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Advisory M&A Activity Drops in Q2, Even as Deals Get Bigger

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While mergers and acquisitions activity in the advisory industry fell slightly in the second quarter, the deals were larger and total assets exchanged increased to $8.5 billion from $6 billion in the first quarter, according to Pershing Advisor Solutions’ “Real Deals Quarterly Update,” produced in partnership with FA Insight.

Only seven transactions targeting retail-focused RIA firms with at least $50 million in assets under management (AUM) or $500,000 in annual revenues occurred in the second quarter of 2011, the Real Deals report found, which is down from the 11 deals in the first quarter. The seven deals in Q2 are also fewer than the number of deals that took place in each of the previous four quarters.

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“Deal activity is still clearly not at the pace it was a few years prior, but it continues to progress,” Dan Inveen, principal and director of research at FA Insight, told AdvisorOne. “We continue to see some of the same themes as the last year or two—much less activity by serial buyers or consolidators.” But a definite uptick, however, in banks acquiring RIA firms.

The firms acquired in the second quarter of 2011 had a median of $800 million in AUM, twice the median amount of assets exchanged in the previous quarter, the report found. Nearly half the purchases included RIAs with more than $1 billion in assets, with the total assets exchanged, around $8.5 billion, up from just over $6 billion in the first quarter.

The most surprising trend in Q2 was the notable increase of bank and trust acquirers, the report notes. Since the financial crisis that began in late 2008, bank and trust firms have been largely absent as RIA acquirers, the report notes.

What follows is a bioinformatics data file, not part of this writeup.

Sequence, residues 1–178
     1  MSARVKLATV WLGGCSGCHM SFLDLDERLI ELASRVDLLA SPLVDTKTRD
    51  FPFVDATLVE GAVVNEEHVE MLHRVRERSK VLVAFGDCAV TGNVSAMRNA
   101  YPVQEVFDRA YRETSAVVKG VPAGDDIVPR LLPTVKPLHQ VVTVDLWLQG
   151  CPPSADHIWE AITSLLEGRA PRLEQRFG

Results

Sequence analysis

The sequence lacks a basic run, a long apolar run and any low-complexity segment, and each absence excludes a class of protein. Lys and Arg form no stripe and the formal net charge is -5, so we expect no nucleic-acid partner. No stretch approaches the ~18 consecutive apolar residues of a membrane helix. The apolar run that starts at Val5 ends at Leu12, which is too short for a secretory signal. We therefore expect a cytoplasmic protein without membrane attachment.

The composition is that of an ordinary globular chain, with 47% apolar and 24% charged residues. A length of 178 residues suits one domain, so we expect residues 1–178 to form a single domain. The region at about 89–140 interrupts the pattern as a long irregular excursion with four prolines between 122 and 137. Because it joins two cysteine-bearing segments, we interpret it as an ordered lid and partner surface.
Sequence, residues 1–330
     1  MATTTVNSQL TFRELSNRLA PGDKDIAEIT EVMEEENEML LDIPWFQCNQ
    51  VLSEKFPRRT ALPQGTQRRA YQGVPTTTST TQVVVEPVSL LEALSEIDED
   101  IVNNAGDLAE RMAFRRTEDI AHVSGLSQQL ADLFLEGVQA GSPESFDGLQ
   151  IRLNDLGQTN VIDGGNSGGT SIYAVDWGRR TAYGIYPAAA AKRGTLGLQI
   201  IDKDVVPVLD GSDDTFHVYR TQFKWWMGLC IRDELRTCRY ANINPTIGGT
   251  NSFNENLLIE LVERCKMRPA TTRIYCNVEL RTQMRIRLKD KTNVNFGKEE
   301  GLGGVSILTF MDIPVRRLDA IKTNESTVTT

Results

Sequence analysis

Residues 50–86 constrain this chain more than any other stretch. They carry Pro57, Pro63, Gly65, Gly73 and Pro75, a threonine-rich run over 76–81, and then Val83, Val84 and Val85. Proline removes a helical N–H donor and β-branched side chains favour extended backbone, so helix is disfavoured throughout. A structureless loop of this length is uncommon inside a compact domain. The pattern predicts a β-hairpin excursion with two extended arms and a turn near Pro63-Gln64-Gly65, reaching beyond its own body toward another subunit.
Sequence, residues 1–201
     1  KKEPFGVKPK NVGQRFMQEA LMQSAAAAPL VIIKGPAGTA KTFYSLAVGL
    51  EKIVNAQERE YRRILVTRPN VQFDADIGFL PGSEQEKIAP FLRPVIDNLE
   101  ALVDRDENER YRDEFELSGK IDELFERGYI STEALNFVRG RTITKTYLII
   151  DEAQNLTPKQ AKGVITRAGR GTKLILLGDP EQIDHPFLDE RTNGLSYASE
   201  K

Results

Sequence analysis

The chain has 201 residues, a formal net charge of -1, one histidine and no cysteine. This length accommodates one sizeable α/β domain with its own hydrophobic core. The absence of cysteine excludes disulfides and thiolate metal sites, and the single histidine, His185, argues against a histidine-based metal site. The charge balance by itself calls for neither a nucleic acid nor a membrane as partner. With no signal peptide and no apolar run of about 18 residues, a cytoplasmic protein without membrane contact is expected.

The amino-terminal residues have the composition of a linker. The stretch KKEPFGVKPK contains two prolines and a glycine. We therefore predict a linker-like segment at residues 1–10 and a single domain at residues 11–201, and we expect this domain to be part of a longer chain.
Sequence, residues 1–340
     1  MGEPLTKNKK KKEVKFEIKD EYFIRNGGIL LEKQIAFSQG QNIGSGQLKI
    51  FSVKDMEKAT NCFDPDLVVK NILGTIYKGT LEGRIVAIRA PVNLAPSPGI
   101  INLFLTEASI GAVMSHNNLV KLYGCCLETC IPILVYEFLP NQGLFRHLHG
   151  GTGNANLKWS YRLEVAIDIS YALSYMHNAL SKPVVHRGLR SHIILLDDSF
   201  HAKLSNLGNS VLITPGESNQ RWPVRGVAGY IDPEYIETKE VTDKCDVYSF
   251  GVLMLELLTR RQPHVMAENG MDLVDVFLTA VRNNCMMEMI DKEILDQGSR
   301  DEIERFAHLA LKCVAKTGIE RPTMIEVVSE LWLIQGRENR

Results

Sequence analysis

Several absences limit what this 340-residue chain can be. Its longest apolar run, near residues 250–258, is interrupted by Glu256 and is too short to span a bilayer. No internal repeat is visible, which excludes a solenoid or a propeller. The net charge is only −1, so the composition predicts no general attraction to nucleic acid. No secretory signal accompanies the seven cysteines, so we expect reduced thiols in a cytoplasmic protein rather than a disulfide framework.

Bank or trust company acquirers comprised just 13% of all deals completed in 2010 and made only one acquisition in the first quarter of the year. However, they were involved in five of the seven deals during the second quarter. While “industry pundits had written off banks as active acquirers, we are seeing there are a fair number of banks that have capitalized sufficiently to entertain transactions,” Inveen says.

Inveen adds that “a great majority of banks continue to want to diversify away from interest-based revenue,” and banks are also motivated to purchase RIAs so they can cross sell various services to their existing client base.

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During the second quarter, SunTrust Banks announced the purchase of CSI Capital Management, a wealth management firm specializing in high-net-worth individuals with a focus on professional athletes, the report says. The acquisition adds approximately $1.5 billion in assets to SunTrust’s Private Wealth Division while also expanding its presence in Los Angeles and Atlanta. The acquisition also adds new offices in San Francisco and several other locations.

The largest nonbank deal of the quarter, the report found, was the merger of the investment management firms Horizon Asset Management and Kinetics Asset Management. After the deal is complete, the combined firms will have approximately $9.8 billion in assets under management.


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